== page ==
Written By: Alan Tripp
Alan Tripp of Lasalle outlines a case study showing how the proposed pooling structure in the LGPS could open up opportunities that benefit investors and communities alike
Last year the then UK Chancellor, George Osborne, asked the 89 Local Government Pension Funds in England and Wales (LGPS) to group together to form six British “Wealth Funds” of pooled assets. The aim was to achieve the benefits of scale, establish strong governance and decision-making, reduction of costs and an improved capacity to invest in infrastructure. Following the pools’ final submissions to the government in July this year, eight pools emerged ranging in size from £13 billion to £36 billion. This scale means that the schemes will be able to target larger property investments. Republic at East India Dock in London is an interesting example of how large investments have the potential to deliver excellent returns whilst playing a key role in regenerating communities. This typifies our approach to identifying locations with superior long-term growth prospects.
In 2015, LaSalle, in partnership with Trilogy Property Advisers, acquired a prominent 6.4-acre site in the London Docklands for £170 million, with a commitment to invest a further £70 million. Together, we are in the process of refurbishing the site as a viable alternative for occupiers priced out of traditional office locations. High quality office space will be provided at competitive rents (mid-£30 per square foot) with superior amenities to support the new workforce. The acquisition represented an exceptional opportunity to create a vibrant new business quarter in a well-connected part of London. It is in the heart of an area undergoing a significant transformation with new residential development and the impending introduction of Crossrail drawing people to the neighbourhood, all of which supports the new vision for the site. The acquisition brought together a club of five like-minded clients with similar time horizons for investment.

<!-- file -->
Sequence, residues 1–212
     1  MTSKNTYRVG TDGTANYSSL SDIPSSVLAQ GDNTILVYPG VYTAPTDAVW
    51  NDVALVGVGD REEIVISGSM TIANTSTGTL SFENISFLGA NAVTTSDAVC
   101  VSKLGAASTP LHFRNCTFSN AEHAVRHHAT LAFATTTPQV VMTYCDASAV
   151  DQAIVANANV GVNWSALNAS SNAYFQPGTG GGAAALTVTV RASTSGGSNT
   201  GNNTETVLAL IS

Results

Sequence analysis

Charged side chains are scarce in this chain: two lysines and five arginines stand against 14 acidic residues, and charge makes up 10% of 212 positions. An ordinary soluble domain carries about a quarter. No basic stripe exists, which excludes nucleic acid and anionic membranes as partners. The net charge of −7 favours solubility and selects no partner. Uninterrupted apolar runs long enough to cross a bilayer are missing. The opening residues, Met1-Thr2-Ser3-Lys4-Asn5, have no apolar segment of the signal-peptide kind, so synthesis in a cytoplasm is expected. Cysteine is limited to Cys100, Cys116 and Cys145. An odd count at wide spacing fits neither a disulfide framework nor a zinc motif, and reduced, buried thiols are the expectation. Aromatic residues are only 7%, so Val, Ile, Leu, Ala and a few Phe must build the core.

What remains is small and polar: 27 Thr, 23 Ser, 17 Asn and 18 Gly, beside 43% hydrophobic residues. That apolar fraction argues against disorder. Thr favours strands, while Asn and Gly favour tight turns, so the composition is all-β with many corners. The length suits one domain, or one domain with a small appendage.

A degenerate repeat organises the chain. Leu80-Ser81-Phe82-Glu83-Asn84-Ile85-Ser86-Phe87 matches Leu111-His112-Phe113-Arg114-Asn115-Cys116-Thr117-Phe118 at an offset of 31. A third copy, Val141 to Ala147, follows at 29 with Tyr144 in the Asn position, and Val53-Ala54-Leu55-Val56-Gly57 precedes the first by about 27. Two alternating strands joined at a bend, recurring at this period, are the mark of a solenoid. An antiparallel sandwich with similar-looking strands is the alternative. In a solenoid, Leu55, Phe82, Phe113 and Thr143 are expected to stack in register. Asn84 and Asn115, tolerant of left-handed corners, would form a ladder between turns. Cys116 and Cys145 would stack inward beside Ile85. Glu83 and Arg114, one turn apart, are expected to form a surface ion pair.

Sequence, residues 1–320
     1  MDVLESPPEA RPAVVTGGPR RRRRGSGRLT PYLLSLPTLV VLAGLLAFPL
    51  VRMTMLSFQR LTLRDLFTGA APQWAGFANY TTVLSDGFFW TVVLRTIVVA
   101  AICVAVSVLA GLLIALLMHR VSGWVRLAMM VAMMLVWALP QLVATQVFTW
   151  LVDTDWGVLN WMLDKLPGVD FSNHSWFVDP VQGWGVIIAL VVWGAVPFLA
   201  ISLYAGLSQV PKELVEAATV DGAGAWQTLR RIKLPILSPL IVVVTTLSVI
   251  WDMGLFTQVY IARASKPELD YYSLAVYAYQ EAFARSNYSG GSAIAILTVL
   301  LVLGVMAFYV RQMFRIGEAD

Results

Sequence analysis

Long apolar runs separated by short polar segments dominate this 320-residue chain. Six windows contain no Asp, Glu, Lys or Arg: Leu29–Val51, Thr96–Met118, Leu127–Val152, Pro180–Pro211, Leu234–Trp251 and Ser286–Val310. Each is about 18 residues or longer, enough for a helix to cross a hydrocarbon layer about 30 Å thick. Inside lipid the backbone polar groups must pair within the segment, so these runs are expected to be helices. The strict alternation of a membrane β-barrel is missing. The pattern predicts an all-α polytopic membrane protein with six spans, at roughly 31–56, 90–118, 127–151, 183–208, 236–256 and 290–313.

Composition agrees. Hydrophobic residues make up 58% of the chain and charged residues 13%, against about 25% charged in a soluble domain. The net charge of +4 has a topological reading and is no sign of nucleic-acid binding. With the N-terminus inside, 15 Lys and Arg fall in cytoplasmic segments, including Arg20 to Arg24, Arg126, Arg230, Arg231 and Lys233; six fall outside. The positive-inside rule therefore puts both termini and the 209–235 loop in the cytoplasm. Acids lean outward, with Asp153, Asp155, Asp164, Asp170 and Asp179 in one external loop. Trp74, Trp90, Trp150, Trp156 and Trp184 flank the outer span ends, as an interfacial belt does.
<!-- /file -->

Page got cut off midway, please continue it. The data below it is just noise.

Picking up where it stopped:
Entrance to the Republic
Property, pooling and the benefits of scale
Pension funds have long recognised the positive attributes that property brings to a multi-asset class portfolio. These include high and stable income generation, inflation-matching characteristics, diversification through modest correlation with other asset classes and attractive risk-adjusted returns. Traditionally, institutions investing in commercial property have focused on the amount that they ought to have in offices, shops and industrial, using MSCI/IPD indices as proxies for the UK property market. This can result in a degree of short-term index-hugging at the expense of a longer-term perspective. In turn, this can detract from the goals of investors with longer time horizons, such as pension funds.
In relation to real estate, the benefits of scale and a long-term investment horizon are pertinent criteria for local authority pension schemes at a time when they are pooling their assets and will be able to target larger investments in a wider investment universe. It has always been LaSalle’s belief that scale can introduce greater efficiencies; the Government’s pooling proposal is aligned with our belief that portfolios can be more effectively managed with fewer, larger assets. We believe that smaller pension funds in particular will benefit in being pooled as they will have access to greater expertise, lower costs and greater diversification. There is also likely to be a switch away from fund-of-funds investing towards direct investment, especially in the UK. Investing as part of a pool will mean they can consider more large-scale investments. However, because of their scale, such projects require a long-term vision and specialist ongoing management skills.
Investing for the long-term